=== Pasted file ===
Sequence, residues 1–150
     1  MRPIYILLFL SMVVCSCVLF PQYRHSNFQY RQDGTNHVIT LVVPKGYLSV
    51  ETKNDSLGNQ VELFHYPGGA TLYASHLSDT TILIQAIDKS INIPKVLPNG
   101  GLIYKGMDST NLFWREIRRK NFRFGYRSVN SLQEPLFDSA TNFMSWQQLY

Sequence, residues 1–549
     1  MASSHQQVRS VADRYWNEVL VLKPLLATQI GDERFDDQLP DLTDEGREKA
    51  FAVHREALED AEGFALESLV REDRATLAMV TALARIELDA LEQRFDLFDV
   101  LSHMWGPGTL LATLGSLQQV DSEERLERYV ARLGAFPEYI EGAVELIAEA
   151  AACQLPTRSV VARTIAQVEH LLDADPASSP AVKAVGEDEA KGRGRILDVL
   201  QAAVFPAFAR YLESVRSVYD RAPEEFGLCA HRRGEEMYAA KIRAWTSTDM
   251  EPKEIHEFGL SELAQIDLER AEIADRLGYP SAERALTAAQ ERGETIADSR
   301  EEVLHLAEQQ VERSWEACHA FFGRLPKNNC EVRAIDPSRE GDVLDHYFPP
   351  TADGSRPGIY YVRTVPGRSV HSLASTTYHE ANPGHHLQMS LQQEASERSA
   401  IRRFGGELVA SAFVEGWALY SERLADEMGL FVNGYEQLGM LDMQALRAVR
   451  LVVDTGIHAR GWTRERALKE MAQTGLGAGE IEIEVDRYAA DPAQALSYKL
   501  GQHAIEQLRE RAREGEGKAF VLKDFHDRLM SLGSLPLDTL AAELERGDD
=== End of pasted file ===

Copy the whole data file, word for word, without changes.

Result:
Sequence, residues 1–150
     1  MRPIYILLFL SMVVCSCVLF PQYRHSNFQY RQDGTNHVIT LVVPKGYLSV
    51  ETKNDSLGNQ VELFHYPGGA TLYASHLSDT TILIQAIDKS INIPKVLPNG
   101  GLIYKGMDST NLFWREIRRK NFRFGYRSVN SLQEPLFDSA TNFMSWQQLY

Sequence, residues 1–549
     1  MASSHQQVRS VADRYWNEVL VLKPLLATQI GDERFDDQLP DLTDEGREKA
    51  FAVHREALED AEGFALESLV REDRATLAMV TALARIELDA LEQRFDLFDV
   101  LSHMWGPGTL LATLGSLQQV DSEERLERYV ARLGAFPEYI EGAVELIAEA
   151  AACQLPTRSV VARTIAQVEH LLDADPASSP AVKAVGEDEA KGRGRILDVL
   201  QAAVFPAFAR YLESVRSVYD RAPEEFGLCA HRRGEEMYAA KIRAWTSTDM
   251  EPKEIHEFGL SELAQIDLER AEIADRLGYP SAERALTAAQ ERGETIADSR
   301  EEVLHLAEQQ VERSWEACHA FFGRLPKNNC EVRAIDPSRE GDVLDHYFPP
   351  TADGSRPGIY YVRTVPGRSV HSLASTTYHE ANPGHHLQMS LQQEASERSA
   401  IRRFGGELVA SAFVEGWALY SERLADEMGL FVNGYEQLGM LDMQALRAVR
   451  LVVDTGIHAR GWTRERALKE MAQTGLGAGE IEIEVDRYAA DPAQALSYKL
   501  GQHAIEQLRE RAREGEGKAF VLKDFHDRLM SLGSLPLDTL AAELERGDD